An imaginative name when you look at it
Southland's shortest placename has a single letter. It is U Pass in Fiordland, named obviously for its shape. A two-letter place is visible from Southland. Io, one of Jupiter's four largest moons, and one of the hottest places in the solar system, can be observed with binoculars. Three-letter Southland placenames include Kew, a suburb of Invercargill and named after Kew in London, Gog, a peak on Stewart Island, and Cap which is a peak in the Hokonuis. Photo of U Pass courtesy of Barry Smith.
Southland's Hundred Line is so named because it marked the northern limit of Southland farmland, which was divided into hundreds - blocks capable of supporting one hundred people. North of the line the land was to be much more sparsely settled and used for vast sheep and cattle runs. The Hundred Line originates at Ship Cone in the Hokonui Hills and extends 68 kilometres west to the Otautau Stream at Scotts Gap.
Occasionally overseas visitors get it right. Mark Twain in Southland in 1896 was unexpectedly complimentary. He used the phrase "England of the South" to describe the landscape. "Brilliant blue sky, vast level green expanses snowed over with sheep. Fine to see. The green, deep and very vivid sometimes, at other times less so but delicate and lovely."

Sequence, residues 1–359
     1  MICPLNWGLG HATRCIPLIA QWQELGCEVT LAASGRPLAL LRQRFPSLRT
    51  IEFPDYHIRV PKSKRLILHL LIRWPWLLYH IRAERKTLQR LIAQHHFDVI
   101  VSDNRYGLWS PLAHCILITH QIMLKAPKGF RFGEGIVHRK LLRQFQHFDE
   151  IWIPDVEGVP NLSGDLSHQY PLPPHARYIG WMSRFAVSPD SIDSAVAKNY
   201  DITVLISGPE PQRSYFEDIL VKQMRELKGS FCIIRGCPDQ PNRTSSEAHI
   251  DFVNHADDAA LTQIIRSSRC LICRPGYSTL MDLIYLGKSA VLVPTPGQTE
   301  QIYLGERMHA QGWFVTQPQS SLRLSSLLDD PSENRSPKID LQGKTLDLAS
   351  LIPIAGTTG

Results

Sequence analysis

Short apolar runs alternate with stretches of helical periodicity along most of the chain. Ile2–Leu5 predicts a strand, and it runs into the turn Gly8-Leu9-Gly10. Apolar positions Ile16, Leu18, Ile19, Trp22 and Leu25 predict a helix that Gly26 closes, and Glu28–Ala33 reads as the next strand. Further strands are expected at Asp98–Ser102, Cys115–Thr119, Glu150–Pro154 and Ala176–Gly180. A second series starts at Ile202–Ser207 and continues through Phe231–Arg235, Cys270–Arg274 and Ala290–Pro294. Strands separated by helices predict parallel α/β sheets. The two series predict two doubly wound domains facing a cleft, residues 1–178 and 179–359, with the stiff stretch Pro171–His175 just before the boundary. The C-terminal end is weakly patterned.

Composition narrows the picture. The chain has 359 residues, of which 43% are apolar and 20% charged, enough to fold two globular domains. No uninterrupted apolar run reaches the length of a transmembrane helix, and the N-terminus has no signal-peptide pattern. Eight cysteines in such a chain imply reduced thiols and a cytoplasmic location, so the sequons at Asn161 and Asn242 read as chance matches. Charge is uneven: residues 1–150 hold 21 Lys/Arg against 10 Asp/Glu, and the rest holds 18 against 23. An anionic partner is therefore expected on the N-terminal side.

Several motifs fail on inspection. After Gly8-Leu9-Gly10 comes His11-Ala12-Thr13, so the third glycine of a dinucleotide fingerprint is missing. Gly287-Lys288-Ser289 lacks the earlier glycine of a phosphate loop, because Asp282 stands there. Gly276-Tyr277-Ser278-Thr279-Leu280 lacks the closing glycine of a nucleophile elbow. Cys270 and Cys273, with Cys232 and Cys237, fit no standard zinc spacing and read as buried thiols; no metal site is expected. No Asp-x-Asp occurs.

Southland's longest privately owned railway was the Waimea Plains Railway from Lumsden (formerly known as The Elbow) to Gore which opened on July 31, 1880. It was bought by the government in November 1886 in a deal that saved the necks of two speculating politicians: William Larnach and Sir Julius Vogel. "Gore to the Elbow" was a pun at the time about the troublesome railway, summarising both its geography and financial predicament.
The first Methodist minister in Invercargill was Reverend Isaac Harding, who was appointed to serve Otago and Southland in 1862. On Christmas Day, 1863, the first Wesleyan Methodist church opened in North Rd. The first resident minister was the Rev J T Shaw, whose duties began in 1864 and within a few years a new church had been built in Leet St. A dissident but friendly offshoot of the church, the Primitive Methodists, built their own church in Don Stin 1873 under the leadership of the Rev B J Westbrooke. The two streams of Methodism reunited in 1913.
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